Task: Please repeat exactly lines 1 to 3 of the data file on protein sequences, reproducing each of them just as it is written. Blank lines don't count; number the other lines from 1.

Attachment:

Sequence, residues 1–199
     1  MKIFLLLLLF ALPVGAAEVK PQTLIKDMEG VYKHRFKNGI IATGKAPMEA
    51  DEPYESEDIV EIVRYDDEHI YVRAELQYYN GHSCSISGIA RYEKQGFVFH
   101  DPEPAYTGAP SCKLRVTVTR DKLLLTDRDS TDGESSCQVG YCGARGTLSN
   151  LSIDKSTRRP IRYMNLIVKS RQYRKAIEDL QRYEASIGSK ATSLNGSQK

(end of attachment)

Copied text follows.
Sequence, residues 1–199
     1  MKIFLLLLLF ALPVGAAEVK PQTLIKDMEG VYKHRFKNGI IATGKAPMEA
    51  DEPYESEDIV EIVRYDDEHI YVRAELQYYN GHSCSISGIA RYEKQGFVFH